Published February 21st, 2018
The overall US video and Pay-TV market continues its healthy overall growth and is set to reach $140 billion by the end of 2018, according to Futuresource Consulting.
Whilst the US is a global leader in digital adoption, it continues to have a well-balanced market overall, with an array of formats, platforms, services and business models that is unsurpassed globally.
2017 was characterized by many notable announcements and initiatives in the video and related media space; the introduction of Movies Anywhere increased the availability of 4K UHD content and renewed discussion surrounding digital movie release dates provide an intriguing backdrop for the market in 2018.
In addition, the renewed push on direct-to consumer-services, media industry acquisitions and consolidation and regularity impact (e.g. Net Neutrality), will ensure that the landscape in 2018 will continue to evolve.
Pay-TV, largely through increased ARPU rather than subscriber growth, is contributing the most to overall growth in wider video consumer spend, SVoD continues to provide an increasingly significant contribution.
“The SVoD culture continues to strengthen, Futuresource estimates that there are now 125 million SVoD subscriptions in the USA,” said David Sidebottom, Principal Analyst at Futuresource Consulting.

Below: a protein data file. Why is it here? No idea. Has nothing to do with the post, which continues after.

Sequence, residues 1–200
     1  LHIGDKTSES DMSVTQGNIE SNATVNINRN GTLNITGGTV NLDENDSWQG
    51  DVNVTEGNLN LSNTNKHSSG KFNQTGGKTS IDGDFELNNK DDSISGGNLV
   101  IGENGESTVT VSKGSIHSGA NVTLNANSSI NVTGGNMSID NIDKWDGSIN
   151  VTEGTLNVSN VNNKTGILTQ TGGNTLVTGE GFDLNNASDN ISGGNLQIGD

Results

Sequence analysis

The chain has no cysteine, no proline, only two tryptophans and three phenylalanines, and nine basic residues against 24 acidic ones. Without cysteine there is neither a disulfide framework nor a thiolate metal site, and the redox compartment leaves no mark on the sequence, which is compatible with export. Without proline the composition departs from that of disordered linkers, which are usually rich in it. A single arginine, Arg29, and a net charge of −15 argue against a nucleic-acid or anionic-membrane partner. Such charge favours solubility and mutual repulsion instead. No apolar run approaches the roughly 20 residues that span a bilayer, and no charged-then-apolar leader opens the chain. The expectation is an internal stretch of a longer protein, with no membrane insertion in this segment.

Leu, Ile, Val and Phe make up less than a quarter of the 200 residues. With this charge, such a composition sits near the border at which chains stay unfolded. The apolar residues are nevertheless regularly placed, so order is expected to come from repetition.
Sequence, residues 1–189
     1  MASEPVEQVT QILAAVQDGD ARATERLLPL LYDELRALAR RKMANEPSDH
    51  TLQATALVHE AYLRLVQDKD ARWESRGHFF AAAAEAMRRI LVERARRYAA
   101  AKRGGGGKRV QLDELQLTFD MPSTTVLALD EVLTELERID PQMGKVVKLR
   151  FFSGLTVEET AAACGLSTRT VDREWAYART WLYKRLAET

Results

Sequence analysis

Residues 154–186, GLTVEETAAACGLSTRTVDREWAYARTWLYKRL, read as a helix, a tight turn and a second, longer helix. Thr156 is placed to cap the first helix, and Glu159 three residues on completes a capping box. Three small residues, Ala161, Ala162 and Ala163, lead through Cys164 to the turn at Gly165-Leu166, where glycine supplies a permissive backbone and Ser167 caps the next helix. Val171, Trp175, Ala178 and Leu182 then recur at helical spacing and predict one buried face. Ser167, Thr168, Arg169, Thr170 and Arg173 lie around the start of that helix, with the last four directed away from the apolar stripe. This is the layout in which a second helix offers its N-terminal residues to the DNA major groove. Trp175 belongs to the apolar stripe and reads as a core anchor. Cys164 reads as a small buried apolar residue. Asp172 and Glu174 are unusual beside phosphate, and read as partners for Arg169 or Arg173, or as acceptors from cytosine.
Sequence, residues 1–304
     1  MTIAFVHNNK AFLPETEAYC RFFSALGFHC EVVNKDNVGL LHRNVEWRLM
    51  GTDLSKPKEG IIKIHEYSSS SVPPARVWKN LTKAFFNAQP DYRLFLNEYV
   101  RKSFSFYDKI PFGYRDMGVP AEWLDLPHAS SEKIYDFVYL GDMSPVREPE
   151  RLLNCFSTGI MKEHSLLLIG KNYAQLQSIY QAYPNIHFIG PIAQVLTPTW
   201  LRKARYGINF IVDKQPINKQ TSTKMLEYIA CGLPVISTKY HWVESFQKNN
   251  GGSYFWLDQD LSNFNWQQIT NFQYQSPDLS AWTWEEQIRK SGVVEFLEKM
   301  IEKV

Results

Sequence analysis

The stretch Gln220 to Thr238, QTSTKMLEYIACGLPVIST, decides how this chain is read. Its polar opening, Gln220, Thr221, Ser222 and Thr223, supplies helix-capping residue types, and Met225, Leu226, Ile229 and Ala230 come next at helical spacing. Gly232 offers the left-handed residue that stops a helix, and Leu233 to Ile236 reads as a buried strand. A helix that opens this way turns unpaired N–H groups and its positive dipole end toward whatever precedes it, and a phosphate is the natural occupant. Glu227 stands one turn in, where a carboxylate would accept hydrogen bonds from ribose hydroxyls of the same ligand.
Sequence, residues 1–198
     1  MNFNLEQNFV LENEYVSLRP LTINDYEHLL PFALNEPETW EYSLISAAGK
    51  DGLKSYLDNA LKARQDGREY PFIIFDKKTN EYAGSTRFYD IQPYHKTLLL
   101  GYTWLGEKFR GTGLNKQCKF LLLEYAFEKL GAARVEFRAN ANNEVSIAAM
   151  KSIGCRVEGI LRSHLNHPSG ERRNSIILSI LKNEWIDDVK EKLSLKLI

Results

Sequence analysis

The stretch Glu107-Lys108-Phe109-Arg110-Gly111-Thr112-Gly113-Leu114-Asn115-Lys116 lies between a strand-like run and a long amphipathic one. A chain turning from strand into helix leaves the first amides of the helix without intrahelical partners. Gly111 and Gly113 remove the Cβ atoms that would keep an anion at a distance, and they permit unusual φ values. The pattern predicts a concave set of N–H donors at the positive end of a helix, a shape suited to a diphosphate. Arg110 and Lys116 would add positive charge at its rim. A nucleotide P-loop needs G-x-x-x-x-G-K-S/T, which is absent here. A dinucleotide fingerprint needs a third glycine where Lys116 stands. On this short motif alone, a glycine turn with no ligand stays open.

Although, consumer spending is still just 10% of the total Pay-TV market. Further growth is expected in 2018, driven by continued steady growth in established services and the quick expansion of a plethora of less established services, with platforms such as Amazon Channels helping drive this momentum.
The Pay-TV sector remains immense at over $100 billion in 2017, although it remains challenged. The much-discussed cord-cutting phenomenon has been apparent in 2017 to a small extent, with subscriptions expected to fall by 1% once more in 2018. In the midst of cord-cutting, key Multiple-Service Operators (MSOs) in the market have developed Pay-TV lite services, combining the extended reach of SVoD with the scheduled component of Pay-TV.
Broadband TV news
Feb 01, 2016
May 17, 2017
More than half of all Americans, or 56 percent, have the ability to watch internet video on their TVs — but they’re still watching regular TV most of the time.
Since 2015, there has been a 20 percentage-point increase in the share of adults who can get internet video on their TV, either through the TV itself or by using a device like a Chromecast, according to a new report from ad trade agency Interactive Advertising Bureau.
But a large portion of the time (39 percent), people are using these TVs to watch old-fashioned live TV. As for internet video, they’re streaming Netflix or YouTube or Hulu about 24 percent of the time.
Fortunately for subscription streaming services like Amazon and Netflix that offer TV-on-the-internet packages, that share is going up.
People who do use their TVs to watch Netflix or Hulu are doing so more often. About half (46 percent) of people with streaming-enabled TVs watch streaming video daily, up from 32 percent in 2015.
What are they streaming? Seventy-nine percent watch TV shows (either currently airing, or shows that have aired in the past), whereas a close 70 percent watch subscription originals like Netflix’s “Stranger Things” or Hulu’s “Handmaid’s Tale.”
Mar 30, 2017